Lytro has landed in the UK, with the clever light-field camera finally up for sale, though rivals have already begun to circle. The camera, which allows the user to focus on different parts of the frame after the image has been taken, by recording the angles that light hit the sensor, went on sale in the US in early 2012, and was hailed as somewhere between a curiosity and a real advance in photography.
Where normal cameras fix their focus before they shoot a frame, Lytro works on a different principle. Its patented lens and sensor assembly can measure not only the point at which light strikes the CMOS, but the angle at which it hits. By preserving both those elements, Lytro’s software can recalculate the focal point across any point in the image.
In the UK, the 8GB Lytro will be offered at £399, in grey, blue or pink. A second version, in red, will offer 16GB for £469.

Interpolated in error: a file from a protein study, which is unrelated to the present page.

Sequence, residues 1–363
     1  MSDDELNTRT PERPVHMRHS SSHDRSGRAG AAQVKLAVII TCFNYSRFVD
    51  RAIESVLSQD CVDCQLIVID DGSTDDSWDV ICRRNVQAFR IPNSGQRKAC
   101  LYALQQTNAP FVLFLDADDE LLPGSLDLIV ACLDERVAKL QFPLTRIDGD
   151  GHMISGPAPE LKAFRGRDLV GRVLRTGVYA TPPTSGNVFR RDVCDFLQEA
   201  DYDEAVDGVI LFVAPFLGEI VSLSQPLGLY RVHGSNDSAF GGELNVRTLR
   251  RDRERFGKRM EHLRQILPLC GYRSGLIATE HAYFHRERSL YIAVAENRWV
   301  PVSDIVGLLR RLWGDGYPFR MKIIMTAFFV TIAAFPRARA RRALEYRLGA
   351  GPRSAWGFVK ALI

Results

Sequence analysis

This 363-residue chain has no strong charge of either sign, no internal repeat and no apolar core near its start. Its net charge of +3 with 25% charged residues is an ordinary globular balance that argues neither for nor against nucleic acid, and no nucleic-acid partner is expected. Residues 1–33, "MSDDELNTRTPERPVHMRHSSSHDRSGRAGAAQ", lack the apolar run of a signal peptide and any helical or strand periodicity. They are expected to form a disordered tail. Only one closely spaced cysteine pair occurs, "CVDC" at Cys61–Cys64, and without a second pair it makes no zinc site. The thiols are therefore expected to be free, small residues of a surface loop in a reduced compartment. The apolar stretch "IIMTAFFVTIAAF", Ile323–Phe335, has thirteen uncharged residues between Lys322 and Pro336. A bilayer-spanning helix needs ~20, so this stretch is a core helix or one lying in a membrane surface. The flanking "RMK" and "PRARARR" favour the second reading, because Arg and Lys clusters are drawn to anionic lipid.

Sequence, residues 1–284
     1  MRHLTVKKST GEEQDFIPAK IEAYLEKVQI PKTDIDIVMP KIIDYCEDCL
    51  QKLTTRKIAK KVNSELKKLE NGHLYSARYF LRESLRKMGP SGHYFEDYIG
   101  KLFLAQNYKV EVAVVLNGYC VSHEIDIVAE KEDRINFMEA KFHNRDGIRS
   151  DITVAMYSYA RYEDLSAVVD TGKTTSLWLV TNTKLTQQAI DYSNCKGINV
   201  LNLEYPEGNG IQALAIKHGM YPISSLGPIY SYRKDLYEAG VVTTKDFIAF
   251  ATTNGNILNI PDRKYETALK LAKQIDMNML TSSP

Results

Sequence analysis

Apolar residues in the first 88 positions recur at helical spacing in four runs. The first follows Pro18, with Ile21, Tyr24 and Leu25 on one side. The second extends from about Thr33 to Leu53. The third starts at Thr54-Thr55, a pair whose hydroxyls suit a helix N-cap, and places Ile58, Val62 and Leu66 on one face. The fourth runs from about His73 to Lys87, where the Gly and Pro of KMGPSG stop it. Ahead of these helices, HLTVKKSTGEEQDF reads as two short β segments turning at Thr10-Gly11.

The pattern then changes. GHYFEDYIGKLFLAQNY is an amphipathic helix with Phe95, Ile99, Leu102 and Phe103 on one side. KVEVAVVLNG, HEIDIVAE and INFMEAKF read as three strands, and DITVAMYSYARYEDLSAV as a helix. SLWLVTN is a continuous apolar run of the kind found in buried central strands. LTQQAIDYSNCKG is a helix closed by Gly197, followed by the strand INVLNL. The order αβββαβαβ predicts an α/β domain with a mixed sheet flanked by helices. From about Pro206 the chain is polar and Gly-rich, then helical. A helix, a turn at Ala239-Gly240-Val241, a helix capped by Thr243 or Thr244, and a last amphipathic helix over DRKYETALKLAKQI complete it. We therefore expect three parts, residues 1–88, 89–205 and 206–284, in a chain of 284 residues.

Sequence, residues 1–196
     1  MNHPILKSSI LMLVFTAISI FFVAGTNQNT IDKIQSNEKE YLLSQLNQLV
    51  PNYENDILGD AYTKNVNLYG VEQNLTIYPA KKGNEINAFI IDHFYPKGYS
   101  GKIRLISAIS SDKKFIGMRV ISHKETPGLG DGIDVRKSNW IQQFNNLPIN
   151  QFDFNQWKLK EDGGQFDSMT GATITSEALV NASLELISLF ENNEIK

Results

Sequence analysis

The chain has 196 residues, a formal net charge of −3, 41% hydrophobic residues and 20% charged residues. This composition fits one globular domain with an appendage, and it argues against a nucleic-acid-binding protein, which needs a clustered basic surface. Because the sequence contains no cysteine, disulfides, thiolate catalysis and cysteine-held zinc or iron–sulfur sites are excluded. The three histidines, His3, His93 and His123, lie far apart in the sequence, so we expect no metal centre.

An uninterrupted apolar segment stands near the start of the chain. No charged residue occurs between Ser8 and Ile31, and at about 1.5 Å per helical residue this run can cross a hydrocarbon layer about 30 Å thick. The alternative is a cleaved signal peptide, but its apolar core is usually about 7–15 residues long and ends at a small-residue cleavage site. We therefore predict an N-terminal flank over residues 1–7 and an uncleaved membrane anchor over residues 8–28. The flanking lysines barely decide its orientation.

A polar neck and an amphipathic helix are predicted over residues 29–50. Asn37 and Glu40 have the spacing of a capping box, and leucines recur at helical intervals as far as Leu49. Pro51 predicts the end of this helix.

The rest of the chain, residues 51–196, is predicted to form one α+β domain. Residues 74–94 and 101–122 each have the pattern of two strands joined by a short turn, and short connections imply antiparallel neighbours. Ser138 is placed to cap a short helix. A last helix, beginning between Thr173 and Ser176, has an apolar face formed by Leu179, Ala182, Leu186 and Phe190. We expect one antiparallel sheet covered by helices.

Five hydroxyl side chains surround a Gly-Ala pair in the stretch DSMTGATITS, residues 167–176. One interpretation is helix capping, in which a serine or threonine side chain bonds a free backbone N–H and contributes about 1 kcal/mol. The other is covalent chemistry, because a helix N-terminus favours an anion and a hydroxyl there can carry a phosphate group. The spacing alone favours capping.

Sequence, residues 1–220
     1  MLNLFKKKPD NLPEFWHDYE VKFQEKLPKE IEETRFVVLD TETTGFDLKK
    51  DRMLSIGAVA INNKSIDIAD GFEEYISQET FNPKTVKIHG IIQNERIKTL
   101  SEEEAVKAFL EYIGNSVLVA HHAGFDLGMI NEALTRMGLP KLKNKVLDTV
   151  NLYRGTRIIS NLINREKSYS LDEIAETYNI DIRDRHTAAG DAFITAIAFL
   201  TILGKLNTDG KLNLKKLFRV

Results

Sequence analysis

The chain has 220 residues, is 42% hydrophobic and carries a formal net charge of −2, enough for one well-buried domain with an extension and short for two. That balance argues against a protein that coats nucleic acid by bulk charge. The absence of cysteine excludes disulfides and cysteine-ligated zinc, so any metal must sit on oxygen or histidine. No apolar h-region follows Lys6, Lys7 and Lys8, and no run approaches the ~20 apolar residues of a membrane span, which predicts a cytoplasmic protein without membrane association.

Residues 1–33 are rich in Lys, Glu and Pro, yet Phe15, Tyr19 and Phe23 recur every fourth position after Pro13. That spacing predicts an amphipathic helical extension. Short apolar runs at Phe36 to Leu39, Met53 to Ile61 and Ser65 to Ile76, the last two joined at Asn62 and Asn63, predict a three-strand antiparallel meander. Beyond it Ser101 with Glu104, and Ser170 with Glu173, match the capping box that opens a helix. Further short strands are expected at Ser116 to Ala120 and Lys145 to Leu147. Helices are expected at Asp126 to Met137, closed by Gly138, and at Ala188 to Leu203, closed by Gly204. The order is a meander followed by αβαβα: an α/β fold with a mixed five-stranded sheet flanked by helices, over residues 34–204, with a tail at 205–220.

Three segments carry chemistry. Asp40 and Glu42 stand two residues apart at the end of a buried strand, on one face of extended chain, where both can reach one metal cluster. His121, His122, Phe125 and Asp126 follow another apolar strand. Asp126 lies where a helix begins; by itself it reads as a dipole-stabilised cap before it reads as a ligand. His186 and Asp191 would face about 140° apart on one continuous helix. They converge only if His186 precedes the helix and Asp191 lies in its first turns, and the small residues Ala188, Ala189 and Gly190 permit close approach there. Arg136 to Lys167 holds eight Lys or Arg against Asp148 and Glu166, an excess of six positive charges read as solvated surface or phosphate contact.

Lytro recently released an iOS companion app for the camera and in the process activated its previously-dormant WiFi support. The app supports browsing what photos have been taken by the camera, as well as playing with the adjustable focus from your iPhone’s display, and then sharing the images.
However, the photography market hasn’t stood still since Lytro’s launch. For instance, Bell Labs has been working on a lensless camera that can do similar post-photography editing, while likely more closer to market at Pelican Imaging’s camera array sensors which we’re expecting to show up in Nokia handsets.
Lytro’s camera will go on sale in the UK from July 22.